3. Reporting and monitoring
3.1 In-year monitoring of progress
It is important that in-year monitoring of progress occurs in local settings to ensure an ongoing understanding of progress. This enables early support and intervention where required. This already happens in most schools and authorities and should be a key part of local approaches.
Monitoring of progress will be part of the on-going and regular dialogue between local authorities and Education Scotland, through the Senior Regional Advisors and Attainment Advisors in particular.
Through the Scottish Attainment Challenge joint programme Scottish Government and Education Scotland will discuss local progress in improving health and wellbeing and tackling the poverty-related attainment gap quarterly. This will be informed by national data, evidence and intelligence and attainment advisor reporting to ensure appropriate levels of support are provided and that the best possible progress and outcomes are being achieved.
These quarterly progress discussions will be an opportunity to reflect on successes, wider barriers to progress and the types of support, collaboration and challenge required to help ensure future progress across all local authorities. Support will be offered and provided using a staged approach:
- Universal support will be available to all local authorities and schools.
- Targeted support will be provided to local authorities and schools with the most need. This may be those with the highest levels of poverty or others depending on the data and contextual analysis.
- Intensive support will be provided to local authorities and schools where there is a consistent barrier and no, or very limited, progress is being made to improving outcomes for children and young people affected by poverty.
As is set out in the 2018 Joint Agreement, in rare cases where evidence suggests there is cause for concern, the following approaches will be deployed as appropriate:
- professional dialogue between LA and ES will have explored concerns about limited progress and a variety of supports provided
- continued concerns will be shared with all partners
- the SNCT will collectively address concerns if there is evidence of non-compliance by local authorities with the Code of Practice on staff selection
- COSLA will facilitate challenge and support drawing in expertise from ADES/ES and others. This will include evidence review and challenge sessions leading to a clear action plan, offer of peer support and follow-up activity to monitor impact and improvement
- evaluation of progress
- clear line of escalation to audit and scrutiny inspection bodies if insufficient progress.
Reporting on the impact of plans to use education to improve outcomes for children and young people impacted by poverty, with a focus on reducing the poverty-related attainment gap will be through existing mechanisms within the education system.
In line with arrangements for Pupil Equity Funding since its roll-out in 2017/18, schools are expected to incorporate details of their Pupil Equity Funding plans and explicitly report on the impact on outcomes for learners impacted by poverty within existing reporting processes to their Parent Council and Forum, including in their annual Standards and Quality Reports.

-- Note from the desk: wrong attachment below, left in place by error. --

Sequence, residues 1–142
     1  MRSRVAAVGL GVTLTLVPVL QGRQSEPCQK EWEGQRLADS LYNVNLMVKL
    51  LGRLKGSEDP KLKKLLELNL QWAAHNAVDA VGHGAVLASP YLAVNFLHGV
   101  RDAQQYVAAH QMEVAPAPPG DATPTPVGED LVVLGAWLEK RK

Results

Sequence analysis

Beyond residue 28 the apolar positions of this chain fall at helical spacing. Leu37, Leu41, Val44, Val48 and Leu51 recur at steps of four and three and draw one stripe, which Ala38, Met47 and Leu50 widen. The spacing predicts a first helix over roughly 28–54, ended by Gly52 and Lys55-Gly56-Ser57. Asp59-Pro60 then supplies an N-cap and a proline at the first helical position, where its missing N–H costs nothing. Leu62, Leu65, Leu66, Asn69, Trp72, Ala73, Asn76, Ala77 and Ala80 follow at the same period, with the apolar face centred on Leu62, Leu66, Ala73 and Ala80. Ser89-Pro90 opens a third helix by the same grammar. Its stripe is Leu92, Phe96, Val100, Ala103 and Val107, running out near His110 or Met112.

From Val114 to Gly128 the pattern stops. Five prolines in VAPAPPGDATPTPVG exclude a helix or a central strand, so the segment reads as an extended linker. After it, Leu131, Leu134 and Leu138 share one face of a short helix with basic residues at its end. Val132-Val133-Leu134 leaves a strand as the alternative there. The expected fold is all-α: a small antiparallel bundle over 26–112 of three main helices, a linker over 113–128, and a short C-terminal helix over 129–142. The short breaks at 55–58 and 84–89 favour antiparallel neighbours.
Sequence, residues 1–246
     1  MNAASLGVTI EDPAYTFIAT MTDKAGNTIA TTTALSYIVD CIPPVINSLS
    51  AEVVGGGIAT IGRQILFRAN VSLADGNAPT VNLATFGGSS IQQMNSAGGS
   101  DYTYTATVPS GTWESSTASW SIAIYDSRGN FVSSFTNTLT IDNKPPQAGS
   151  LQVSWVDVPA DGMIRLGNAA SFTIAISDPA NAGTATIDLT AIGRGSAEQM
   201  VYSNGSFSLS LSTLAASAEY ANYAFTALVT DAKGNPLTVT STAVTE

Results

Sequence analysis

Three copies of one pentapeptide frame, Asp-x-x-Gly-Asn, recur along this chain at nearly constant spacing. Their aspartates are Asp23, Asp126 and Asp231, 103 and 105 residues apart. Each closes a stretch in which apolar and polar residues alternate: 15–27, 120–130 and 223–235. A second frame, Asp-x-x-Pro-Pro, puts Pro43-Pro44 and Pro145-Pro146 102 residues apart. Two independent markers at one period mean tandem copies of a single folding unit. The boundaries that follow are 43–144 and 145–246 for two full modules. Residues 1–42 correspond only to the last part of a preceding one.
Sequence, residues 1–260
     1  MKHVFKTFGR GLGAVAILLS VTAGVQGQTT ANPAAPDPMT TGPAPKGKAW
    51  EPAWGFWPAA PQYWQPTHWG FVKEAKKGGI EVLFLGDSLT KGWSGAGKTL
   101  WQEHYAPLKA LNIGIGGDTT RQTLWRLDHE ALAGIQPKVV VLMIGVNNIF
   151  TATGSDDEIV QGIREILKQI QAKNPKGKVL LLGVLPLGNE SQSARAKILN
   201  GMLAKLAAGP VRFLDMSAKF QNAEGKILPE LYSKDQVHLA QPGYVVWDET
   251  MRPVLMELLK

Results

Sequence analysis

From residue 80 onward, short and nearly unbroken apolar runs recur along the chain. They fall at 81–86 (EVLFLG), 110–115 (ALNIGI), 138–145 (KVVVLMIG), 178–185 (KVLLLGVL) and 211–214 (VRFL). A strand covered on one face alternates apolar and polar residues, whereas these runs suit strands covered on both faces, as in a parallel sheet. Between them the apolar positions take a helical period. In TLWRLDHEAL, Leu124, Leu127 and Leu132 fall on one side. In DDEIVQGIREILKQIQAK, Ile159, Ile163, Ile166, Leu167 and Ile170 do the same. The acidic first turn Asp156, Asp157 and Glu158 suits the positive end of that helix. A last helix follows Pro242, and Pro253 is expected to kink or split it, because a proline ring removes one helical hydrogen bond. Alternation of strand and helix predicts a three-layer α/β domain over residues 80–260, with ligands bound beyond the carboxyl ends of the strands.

These reports should be made publicly available so that parents can understand what is happening in their school.
Scottish Government and Education Scotland will sample these reports annually to continue to inform our understanding of the approaches to tackling the poverty-related attainment gap.
Key findings from this sampling will be made available to local authorities and schools.
Agreeing local stretch aims
Reporting should be done through the existing requirement for local authority Education Standards and Quality Reports (or local equivalent reports). These reports, whilst covering the overall progress and impact of local authority service improvement plans and school improvement plans, should for the Scottish Attainment Challenge (considering the impact across all funding streams) have specific details on:
- the original stretch aims set out in the local authority education service improvement plan and the extent to which they have been achieved;
- the measures described in the local authority education service improvement plan and any additional data to report on the impact on children and young people affected by poverty. Both qualitative and quantitative data should be used to detail whether the expected impact was achieved – with clear quantitative progress against the NIF measures included; and
- examples of supports and interventions which have been effective.
There should be clear narrative on how Attainment Scotland Funding (PEF, SEF and CECYP funding) contributed to local approaches to meeting locally identified stretch aims. There should be evidence of strategic coherence and alignment to the use of these funding streams.
Local authorities should share reporting on progress with Scottish Government and Education Scotland by the end of December annually. This can be via their annually published improvement reports (for which education authorities have an existing duty to provide Scottish Ministers a copy once published).
For CECYP funding, arrangements will continue as they have done since its roll-out in 2018/19 as part of existing relevant authority reporting requirements, with reports shared with the Scottish Government and Education Scotland at the end of the academic year, highlighting evidence of impact through both qualitative and quantitative information. Separate CECYP guidance sets this out in full.
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